We need statesmen to issue a similar call for hope and virtue today. This springtime may be among the worst in American history. More Americans will die from this disease than died during the Vietnam and Korean wars. The economy has tanked. None of us have ever experienced anything this “interesting” before. We need inspiration.

We also need something to do. Most of us have nothing to do besides grouse and complain. We sit on the sidelines, while the nurses and doctors risk their own health to save the afflicted. Let’s cheer them on and give them the supplies they need. But let’s stop the partisan bickering.

Our passivity creates a paradox. For most of us, the best thing we can do to make the world a better place is simply stay home. This is among the most difficult aspects of our predicament. Virtue seems to require bold action. But in this case, it calls for inaction.

The world’s traditions have often warned against passivity. They say that idle hands are the devil’s playthings. Laziness and sloth are vices. And virtue evokes images of a life of brave effort. Today, inaction is a virtue and activity is a vice.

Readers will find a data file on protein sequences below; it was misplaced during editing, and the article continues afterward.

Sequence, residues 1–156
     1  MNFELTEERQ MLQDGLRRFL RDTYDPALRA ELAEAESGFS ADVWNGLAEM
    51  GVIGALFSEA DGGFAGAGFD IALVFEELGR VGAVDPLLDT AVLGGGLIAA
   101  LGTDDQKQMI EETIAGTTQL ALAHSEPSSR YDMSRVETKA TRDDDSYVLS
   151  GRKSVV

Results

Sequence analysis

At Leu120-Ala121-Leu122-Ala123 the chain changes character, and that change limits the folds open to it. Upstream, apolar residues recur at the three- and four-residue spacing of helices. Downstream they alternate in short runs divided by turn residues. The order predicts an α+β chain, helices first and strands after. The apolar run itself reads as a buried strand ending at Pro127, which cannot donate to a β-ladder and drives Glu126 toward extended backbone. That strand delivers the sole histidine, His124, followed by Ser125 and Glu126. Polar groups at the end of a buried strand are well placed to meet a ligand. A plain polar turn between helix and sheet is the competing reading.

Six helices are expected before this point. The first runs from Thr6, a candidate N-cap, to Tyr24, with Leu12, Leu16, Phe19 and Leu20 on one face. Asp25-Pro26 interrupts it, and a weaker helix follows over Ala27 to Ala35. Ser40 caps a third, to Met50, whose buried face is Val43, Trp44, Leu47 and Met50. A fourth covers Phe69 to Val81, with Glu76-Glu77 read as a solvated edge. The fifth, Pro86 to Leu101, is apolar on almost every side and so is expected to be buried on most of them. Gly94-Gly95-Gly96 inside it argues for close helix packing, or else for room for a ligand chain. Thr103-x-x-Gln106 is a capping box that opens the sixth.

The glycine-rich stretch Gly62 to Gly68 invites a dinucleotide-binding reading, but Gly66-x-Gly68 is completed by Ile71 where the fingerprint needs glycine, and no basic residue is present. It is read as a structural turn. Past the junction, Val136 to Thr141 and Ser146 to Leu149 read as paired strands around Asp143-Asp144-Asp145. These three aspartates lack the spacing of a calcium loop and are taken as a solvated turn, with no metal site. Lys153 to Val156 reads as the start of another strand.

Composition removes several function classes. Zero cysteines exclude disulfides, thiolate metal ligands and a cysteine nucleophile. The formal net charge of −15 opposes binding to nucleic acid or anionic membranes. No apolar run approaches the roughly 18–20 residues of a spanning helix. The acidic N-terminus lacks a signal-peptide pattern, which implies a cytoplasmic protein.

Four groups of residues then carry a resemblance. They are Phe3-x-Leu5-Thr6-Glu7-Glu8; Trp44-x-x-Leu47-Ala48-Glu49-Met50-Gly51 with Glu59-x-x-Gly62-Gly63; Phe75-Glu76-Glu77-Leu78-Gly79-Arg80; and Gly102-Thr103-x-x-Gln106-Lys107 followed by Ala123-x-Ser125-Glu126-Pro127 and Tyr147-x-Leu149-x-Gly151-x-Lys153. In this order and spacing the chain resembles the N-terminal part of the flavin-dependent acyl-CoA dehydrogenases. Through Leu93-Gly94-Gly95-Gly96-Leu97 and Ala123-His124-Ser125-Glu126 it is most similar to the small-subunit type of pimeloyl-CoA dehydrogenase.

Can we develop a kind of virtuous passivity? We might cure partisan rancor if we would learn the virtues of silence and patient hope. This is a difficult lesson for Americans. But it is deep in the heart of the world’s wisdom traditions.

During these interesting times let’s rediscover the virtues of quiet and simplicity. This is an opportunity to cultivate calmness and explore solitude. Let’s look within instead of judging others. And let’s encourage our leaders to do the same.

Note to readers: A California law that went into effect Jan. 1 limits freelancers like myself to 35 articles per year. I will be going to a less regular cycle, writing for The Bee only every other week. I will post more regularly on my blog (www.andrewfiala.com). You can also follow me on Twitter (@PhilosophyFiala).

Courage, common sense, and fortitude in times of terror

Scary times call for courage

Fresno Bee, December 12, 2015

These are terrifying times. Mass violence plays across our screens. Frightened people want reassurance. And fearmongers manipulate anxiety. But dread is no substitute for deliberation.